• Junius. He helped Isabella to kidnap Julie after Isabella accidentally killed Will, but he's motivated solely out of love for Isabella and a hope that she'll recover following the death of her husband and daughter, as he'd raised her basically like his own child.
    • Woodard. He is a Friend to All Children who is wrongly suspected of being a pedophile as he is homeless due to his Vietnam-triggered PTSD. After he's attacked by corrupt hicks who believe that he's the killer, he turns the tables on them, killing several of them in a shootout and bombing.
    • Isabella. While she was a fanatical kidnapper and (admittedly accidental) murderer who imprisoned a young girl after killing her brother, and drugged her with lithium, she was also completely emotionally and mentally broken, even slipping into a vegetative state, following the deaths of her husband and daughter in a car accident. After that, she only showed happiness when she was with Julie. After Julie escaped, Isabella committed suicide.

    Season Four 
  • Action Girl: Navarro is a military veteran who beats up several people over the course of the season.
  • All There in the Script: The credits reveal that Travis, the ghost that leads Rose out onto the ice to discover the bodies in Part 1, has the surname "Cohle", implying a connection to Rust from Season 1, but this is never brought up in the series.
  • Animal Motif: Polar bears. Both Danvers and Navarro encounter a one-eyed polar bear, nearly getting into accidents. The former keeps a plush polar bear (missing one eye) that used to belong to her son. At least until she pitches it out her door in "Part 4".
  • Arc Symbol: Spirals. Annie K has a spiral tattoo that she saw in a recurring dream. Clark gets a matching one. Danvers and Navarro find a trailer filled with spirals. A spiral is drawn on one of the scientists' heads. Spirals are drawn on rocks as a warning against thin ice and the danger of falling into "the night country". In the ice caves, there is a giant spiral formed by the bones of some sort of sea serpent frozen in the ceiling.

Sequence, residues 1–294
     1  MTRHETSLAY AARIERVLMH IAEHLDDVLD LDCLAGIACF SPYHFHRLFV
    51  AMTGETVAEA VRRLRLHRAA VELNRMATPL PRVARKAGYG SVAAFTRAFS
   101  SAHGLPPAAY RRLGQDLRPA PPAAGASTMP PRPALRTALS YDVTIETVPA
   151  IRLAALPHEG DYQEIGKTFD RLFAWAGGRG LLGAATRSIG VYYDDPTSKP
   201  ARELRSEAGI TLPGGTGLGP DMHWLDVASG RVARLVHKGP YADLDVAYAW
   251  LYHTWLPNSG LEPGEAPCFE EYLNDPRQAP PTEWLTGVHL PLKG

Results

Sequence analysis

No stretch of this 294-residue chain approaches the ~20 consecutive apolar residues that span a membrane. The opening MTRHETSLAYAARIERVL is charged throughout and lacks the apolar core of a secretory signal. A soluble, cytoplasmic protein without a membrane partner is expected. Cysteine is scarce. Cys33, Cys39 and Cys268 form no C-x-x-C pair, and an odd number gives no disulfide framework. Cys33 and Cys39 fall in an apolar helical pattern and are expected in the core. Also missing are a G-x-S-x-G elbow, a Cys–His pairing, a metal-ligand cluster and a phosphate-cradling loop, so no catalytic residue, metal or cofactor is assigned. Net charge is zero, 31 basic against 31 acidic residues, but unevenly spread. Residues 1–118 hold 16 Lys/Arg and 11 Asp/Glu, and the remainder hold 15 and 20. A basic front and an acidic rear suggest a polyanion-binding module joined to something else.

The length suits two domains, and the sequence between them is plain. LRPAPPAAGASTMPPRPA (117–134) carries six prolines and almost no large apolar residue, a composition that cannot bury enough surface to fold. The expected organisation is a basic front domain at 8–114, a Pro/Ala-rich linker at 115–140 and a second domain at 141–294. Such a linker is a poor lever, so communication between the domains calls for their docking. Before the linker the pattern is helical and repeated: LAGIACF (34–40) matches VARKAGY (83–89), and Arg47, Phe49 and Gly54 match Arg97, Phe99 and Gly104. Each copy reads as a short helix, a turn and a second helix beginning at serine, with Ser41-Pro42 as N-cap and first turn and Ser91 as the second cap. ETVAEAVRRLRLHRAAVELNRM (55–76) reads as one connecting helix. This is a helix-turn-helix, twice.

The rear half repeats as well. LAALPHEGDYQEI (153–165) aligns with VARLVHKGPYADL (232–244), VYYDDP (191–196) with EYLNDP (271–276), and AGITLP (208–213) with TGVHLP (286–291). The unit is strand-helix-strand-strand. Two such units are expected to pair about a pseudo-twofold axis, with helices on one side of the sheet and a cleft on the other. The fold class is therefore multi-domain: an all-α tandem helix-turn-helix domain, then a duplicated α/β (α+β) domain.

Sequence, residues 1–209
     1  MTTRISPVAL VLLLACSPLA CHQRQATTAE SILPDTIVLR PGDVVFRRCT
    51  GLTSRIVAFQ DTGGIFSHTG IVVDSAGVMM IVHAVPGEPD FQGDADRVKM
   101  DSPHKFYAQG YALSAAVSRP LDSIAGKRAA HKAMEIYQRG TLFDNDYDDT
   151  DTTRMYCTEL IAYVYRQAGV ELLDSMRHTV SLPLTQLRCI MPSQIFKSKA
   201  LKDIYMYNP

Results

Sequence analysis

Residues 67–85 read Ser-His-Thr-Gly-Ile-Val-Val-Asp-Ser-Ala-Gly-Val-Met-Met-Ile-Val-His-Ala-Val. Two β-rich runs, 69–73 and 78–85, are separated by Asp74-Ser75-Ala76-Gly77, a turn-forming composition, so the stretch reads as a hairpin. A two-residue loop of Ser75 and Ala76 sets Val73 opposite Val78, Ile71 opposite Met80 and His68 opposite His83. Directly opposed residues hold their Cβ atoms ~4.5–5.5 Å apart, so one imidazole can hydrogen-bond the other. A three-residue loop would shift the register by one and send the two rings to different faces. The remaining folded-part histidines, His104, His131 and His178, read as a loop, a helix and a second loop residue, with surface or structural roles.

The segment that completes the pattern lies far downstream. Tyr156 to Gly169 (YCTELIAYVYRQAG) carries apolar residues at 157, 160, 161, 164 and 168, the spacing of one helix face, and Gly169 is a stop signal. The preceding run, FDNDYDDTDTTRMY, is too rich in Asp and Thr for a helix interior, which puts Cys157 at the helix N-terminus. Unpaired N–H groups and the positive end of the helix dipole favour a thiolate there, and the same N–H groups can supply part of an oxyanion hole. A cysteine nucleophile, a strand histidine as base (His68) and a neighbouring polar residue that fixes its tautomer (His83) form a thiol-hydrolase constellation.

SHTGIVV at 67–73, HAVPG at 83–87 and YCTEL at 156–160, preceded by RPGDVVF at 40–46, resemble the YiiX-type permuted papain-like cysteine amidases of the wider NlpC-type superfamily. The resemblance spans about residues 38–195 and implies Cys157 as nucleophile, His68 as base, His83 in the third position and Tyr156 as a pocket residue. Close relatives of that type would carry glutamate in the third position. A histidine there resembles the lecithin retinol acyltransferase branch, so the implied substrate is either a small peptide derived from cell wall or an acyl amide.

• Arc Words: "She is awake."
  • An Arm and a Leg: One character is found frozen into a "corpsicle" after several days. The police only realize he's still alive when an officer accidentally breaks off his forearm and he screams in pain. The hospital has to remove both his legs as well, and his remaining arm isn't looking great, either.
  • Awful Wedded Life: Through the season, Peter Prior's marriage to Kayla grows more strained as he keeps prioritizing his job and the murder investigation over his family.
  • Bait-and-Switch: Hank is obviously getting the classic catfishing treatment from his supposed Russian bride-to-be, so we know what to expect when he arrives to pick her up from the airport. The plane empties out with no Russian bride in sight, leaving Hank expectedly heartbroken... but what's this? A beautiful Slavic-looking woman emerges from the cabin, and she promptly shuts the cabin door, revealing that she's a stewardess.
  • Beauty Is Never Tarnished: Navarro receives a No-Holds-Barred Beatdown from four men, but by the time she meets Danvers the next day, she doesn't look much worse than disheveled.
  • Call-Back:
    • Apparently the Tuttle family from the first season was funding research at Tsalal Station.
    • Rose's deceased romantic partner is named Travis Cohle. A relative of Rustin Cohle, perhaps?
    • Spirals are an Arc Symbol once again.
    • Clark states that "time is a flat circle," just like Rust Cohle does.
    • Danvers describes a raid she performed with Navarro on a suspect's house years ago, but the her description does not match what we see happen, which is one of them executing the suspect they find there. This same scenario plays out with Harte and Cohle in season 1.
  • Catfishing: Underscoring how pathetic he is, Hank is revealed to be getting catfished by someone claiming to be a beautiful Russian woman whose mother is sick and needs cash for her treatments. The ploy is so obvious that it's not really treated as a twist when he learns the truth.